Spitfire MK II

In 1930 the Air Ministry issued a specification for a new day and night fighter armed with four machine guns. This led Supermarine’s star designer and Chief Engineer, R J Mitchell, to start a design process that would ultimately create one of the most important aircraft in history.

Mitchell’s first design, Supermarine Type 224, wasn’t successful in the contract, which ultimately went to Gloster for the Gladiator, due to the type of engine used. This didn’t stop Mitchell, however, who instantly moved on to his next project, the Supermarine Type 300. Developed as a private venture, the Air Ministry was aware of its existence and recognition of its potential as a front line fighter followed in the guise of Specification F10/35, written around the Type 300. This was swiftly followed by official funding to build a prototype, which started in December 1934.

The prototype was initially just known as K5054; however it also needed to be named. The Air Ministry suggested Shrew or Shrike; but Sir Robert McLean, a Director of Supermarine parent company Vickers, suggested Spitfire as he often referred to his daughter Ann as being “a little spitfire”. R J Mitchell’s reaction to the name was that it was: “just the sort of bloody silly name they would choose”.
The first flight of K5054 took place at Eastleigh, now Southampton Airport, on 5 March 1936; subsequent tests took the Spitfire up to 349mph with results proving this was going to be an outstanding aircraft. On 3 June 1936 the Air Ministry placed an order for 310 aircraft – even before testing was complete. R J Mitchell lived only long enough to see the maiden flight of his creation before his untimely death on 11 June 1937 aged 42 from bowel cancer. This left the onerous task of developing the Spitfire to his chief draughtsman, Joseph (Joe) Smith who succeeded Mitchell as Chief Engineer and was responsible for keeping the Spitfire at the cutting edge of Britain’s fighter force.

Following the declaration of war on 3 September 1939, the Spitfire was ready for her baptism of fire. Orders had been placed for a total of 2,143 Mark 1 aircraft with the Merlin II 1,030 hp engine, carrying eight Browning 0.303in machine guns or four machine guns and two 20mm cannons. Deliveries of the Mark II, with the more powerful Merlin XII 1,175hp engine began in June 1940. Few had any idea of the importance of the aircraft, both in military terms and the uplifting effect on the morale of the British nation in the dark days of war.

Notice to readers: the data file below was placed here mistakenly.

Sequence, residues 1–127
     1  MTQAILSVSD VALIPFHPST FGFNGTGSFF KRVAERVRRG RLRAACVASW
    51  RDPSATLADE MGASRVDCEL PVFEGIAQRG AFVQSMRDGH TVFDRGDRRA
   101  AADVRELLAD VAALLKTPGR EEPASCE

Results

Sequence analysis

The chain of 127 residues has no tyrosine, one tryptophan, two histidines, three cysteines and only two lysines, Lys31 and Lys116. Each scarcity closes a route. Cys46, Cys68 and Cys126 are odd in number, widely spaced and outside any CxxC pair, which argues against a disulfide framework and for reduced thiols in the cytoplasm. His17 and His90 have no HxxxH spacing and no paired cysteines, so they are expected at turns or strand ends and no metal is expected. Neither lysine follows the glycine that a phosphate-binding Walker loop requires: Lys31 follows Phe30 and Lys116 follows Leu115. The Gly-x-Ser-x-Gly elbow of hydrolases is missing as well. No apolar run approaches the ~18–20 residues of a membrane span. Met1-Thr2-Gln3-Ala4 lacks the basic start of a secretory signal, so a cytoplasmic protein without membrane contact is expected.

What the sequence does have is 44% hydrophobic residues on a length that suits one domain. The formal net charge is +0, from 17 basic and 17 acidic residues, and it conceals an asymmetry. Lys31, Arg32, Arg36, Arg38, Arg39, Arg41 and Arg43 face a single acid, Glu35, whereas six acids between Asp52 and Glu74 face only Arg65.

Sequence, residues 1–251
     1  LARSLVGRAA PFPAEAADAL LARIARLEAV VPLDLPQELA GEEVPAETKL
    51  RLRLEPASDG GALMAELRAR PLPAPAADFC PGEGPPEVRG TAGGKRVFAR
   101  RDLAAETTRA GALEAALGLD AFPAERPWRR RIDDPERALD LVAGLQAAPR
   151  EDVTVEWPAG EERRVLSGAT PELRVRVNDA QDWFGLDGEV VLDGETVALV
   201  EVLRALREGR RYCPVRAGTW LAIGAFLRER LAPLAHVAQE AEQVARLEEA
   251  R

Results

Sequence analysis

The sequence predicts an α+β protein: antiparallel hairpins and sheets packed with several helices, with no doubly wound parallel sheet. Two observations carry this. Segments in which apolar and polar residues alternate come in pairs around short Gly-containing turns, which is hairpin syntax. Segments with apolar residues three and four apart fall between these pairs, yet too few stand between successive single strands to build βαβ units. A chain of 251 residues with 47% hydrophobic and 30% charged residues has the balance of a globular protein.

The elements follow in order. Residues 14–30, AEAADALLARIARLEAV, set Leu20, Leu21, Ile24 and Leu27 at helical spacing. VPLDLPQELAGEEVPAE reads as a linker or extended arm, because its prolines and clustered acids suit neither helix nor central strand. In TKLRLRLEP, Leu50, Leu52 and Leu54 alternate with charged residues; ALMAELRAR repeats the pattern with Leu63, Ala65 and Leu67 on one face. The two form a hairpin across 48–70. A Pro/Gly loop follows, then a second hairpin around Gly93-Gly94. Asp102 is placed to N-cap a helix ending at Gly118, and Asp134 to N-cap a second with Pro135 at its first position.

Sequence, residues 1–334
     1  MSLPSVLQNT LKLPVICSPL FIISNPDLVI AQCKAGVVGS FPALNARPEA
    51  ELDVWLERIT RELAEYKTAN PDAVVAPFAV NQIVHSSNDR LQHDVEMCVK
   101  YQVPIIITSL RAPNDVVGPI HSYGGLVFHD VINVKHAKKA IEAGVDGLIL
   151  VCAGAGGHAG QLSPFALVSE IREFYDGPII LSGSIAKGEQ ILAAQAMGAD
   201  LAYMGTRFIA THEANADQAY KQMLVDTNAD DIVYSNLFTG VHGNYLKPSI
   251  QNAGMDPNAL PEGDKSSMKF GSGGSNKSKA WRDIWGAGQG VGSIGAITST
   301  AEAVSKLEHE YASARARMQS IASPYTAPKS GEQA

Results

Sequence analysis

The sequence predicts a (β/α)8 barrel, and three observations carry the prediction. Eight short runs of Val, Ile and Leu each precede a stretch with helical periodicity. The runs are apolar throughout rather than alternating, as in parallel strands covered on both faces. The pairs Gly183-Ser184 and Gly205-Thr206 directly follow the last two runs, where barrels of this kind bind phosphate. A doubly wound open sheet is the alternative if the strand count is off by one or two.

During its service life, the weight of the Spitfire increased by more than half, its engine power more than doubled and its top speed rose by between 25-30%. Overall there were 24 distinct Marks of Spitfire and many sub-variants, which were largely defined by engine (Merlin or Griffon) and propellers ranging from the fixed-pitch two bladed version of the prototype and early production versions, to the contra-rotating, six-bladed installation of the Seafire 47. Wing and armament types also provided further sub variants denoted by letters A to E. Other variants were given PR for photo reconnaissance and FR for fighter reconnaissance.
The Spitfire has always attracted more attention than the Hurricane, and is undoubtedly one of the most famous aircraft ever built. Its graceful lines combine with outstanding handling qualities to produce a “dream plane” extremely fast, and in comparison to contemporary types, second to none.

Power plant: One 1,030 hp Rolls-Royce Merlin III twelve-cylinder liquid-cooled engine
Span: 36ft 11 in (11.25m)
Length: 29ft. 11 in (9.12m)
Max Speed: 362 mph (584km/h) at 19,000 ft (5,790m)
Armament: Eight .303in Browning machine guns mounted in wings
Accommodation: Pilot only (although plans were made to carry two passengers on the wings!)
Recognition: Sleek, graceful fuselage, noticeably slimmer than the Hurricane. Domed canopy with a smaller, more angular fin. From below, the wings have a more ‘pointed’ shape housing the main undercarriage which has a narrow track.